Traffic in Four Corners has been particularly bad these last two weeks due to the right lane closure on Route 29 North at Burnt Mills.  At rush hour, 29 has backed up so badly that it has gridlocked the intersection at Four Corners, affecting traffic on University Boulevard.  The State Highway Administration hopes to have repairs completed within a week.  The job was supposed to be done sooner, but the original contractor failed to show up.  This long term lane closure provide an interesting case study, especially with the proposed bus rapid transit line on Route 29 from Silver Spring to Burtonsville.

Thursday, May 8, 2014

Candidates Forum Roundup

Last night, the civic associations of Woodmoor, South Four Corners, and Northwood-Four Corners hosted a candidates forum for those running for the Montgomery County Council District 5 seat.  The event was held in the auditorium of Pine Crest Elementary School in Woodmoor.  All five candidates were present for the lively forum: Terrill North, Evan Glass, Tom Hucker, Chris Barclay, and Jeffery Thames.  The event was well attended; I was at the forum, and I estimate that there were between 75-100 people in there.  The line of questions at the forum can be roughly broken down into the following categories: governance, transportation, and development.              

The candidates on stage in the Pine Crest multi-purpose room.  Photo by the author.

I attended the event with my father (a 24 year Woodmoor homeowner), and we arrived around 6:50, 10 minutes before the scheduled start.  The front of Pine Crest looked much like it does on election day: dozens of campaign signs everywhere, cars in the lot with political bumper stickers, and people handing out literature at the door.  Inside, some of the candidates were already mingling with attendees as members of the homeowners associations finished setting up.  I spoke briefly with candidates Chris Barclay and Evan Glass before the event got started.  As the late arriving crowd continued to trickle in, the forum got underway at 7:10.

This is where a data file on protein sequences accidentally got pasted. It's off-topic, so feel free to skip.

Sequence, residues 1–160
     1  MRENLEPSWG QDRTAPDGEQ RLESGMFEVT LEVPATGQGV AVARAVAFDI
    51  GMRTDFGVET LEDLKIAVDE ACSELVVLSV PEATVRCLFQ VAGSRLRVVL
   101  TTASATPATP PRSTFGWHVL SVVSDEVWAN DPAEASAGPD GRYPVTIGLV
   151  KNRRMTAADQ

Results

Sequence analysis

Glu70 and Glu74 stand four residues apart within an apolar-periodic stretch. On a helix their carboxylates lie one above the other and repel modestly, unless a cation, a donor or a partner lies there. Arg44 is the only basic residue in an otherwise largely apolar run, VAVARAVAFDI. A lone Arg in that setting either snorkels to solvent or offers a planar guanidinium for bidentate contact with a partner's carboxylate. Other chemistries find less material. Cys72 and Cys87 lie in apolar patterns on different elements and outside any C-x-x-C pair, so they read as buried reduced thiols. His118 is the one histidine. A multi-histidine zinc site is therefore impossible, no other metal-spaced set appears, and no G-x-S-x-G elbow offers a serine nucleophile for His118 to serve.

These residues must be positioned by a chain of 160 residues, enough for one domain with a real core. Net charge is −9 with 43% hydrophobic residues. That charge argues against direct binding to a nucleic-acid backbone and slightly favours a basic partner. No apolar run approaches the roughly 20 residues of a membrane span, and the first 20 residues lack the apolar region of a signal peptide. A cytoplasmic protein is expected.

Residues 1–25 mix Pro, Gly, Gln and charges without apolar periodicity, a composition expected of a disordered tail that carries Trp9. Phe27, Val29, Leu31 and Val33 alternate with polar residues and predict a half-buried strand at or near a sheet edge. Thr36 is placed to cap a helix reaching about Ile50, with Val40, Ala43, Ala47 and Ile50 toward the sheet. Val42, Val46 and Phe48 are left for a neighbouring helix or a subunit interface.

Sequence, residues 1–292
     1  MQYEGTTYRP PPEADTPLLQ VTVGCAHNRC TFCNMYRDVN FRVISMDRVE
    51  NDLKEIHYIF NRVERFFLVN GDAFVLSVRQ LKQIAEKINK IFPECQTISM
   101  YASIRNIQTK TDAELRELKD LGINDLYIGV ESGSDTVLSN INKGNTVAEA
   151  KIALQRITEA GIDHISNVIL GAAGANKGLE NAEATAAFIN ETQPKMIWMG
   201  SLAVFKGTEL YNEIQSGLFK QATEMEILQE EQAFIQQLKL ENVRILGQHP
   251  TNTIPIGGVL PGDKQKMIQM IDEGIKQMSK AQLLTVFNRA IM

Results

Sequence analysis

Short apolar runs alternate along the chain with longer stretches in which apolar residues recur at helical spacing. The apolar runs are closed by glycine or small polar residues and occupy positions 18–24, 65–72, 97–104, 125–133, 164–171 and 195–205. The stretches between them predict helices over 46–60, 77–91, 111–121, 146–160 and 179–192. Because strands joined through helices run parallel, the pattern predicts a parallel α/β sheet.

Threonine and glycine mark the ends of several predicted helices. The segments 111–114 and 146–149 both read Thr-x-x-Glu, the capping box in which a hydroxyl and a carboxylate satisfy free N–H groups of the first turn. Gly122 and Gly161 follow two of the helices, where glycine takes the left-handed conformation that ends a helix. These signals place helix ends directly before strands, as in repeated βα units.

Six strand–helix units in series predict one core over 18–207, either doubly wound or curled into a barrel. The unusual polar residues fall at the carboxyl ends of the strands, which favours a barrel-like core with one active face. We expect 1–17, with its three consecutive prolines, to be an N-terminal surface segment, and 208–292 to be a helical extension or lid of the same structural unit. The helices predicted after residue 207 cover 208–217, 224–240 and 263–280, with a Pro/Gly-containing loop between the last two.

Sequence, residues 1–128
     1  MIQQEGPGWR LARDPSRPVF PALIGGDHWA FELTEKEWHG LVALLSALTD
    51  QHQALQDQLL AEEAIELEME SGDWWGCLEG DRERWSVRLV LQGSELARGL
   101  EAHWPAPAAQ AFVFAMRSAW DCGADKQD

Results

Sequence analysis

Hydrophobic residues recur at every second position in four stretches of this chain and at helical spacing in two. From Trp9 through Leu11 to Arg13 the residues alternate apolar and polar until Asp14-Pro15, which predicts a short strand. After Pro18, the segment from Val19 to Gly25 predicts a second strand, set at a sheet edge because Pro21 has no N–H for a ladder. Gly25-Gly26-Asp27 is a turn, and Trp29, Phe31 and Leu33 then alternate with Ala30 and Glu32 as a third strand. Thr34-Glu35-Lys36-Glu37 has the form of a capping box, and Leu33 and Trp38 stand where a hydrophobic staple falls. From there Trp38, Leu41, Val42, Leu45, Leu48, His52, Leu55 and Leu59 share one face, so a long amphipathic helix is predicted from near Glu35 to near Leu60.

The format was as follows.  The forum was moderated by Carol Barth of the Northwood-Four Corners Civic Association (NFCCA).  The candidates were asked two types of questions.  One type was called the lighting round: Each candidate was given four signs that said "Yes", "No", "Maybe", and "Don't Know", and they all had to hold up their answers together when the question was asked.  The second type of question was timed:  Candidates were given a question, and they each had between 1 and 2 minutes to answer it, depending on the question (time limit was chosen by moderator).

Almost all of the questions were pre-selected by the civic associations.  The audience members only had a chance to ask questions if they had written them on a card and passed it up to the moderator via other civic association members.  There was no town hall style "open forum" where attendees could raise their hands and ask questions directly to the candidates.  However, there was ample time before and after for attendees to ask the candidates questions individually during the mingling sessions.

Here's how each candidate responded to the various questions in general terms.  These are not meant to be quotes, instead, they are the theme of the candidates message as they answered each question.  I'll try to be as neutral as possible in my descriptions based on my notes, and I will try to focus on things each candidate said that differed from the others (they agreed on many things like community engagement, accountability, etc. so it would be repetitive to state things like that over and over).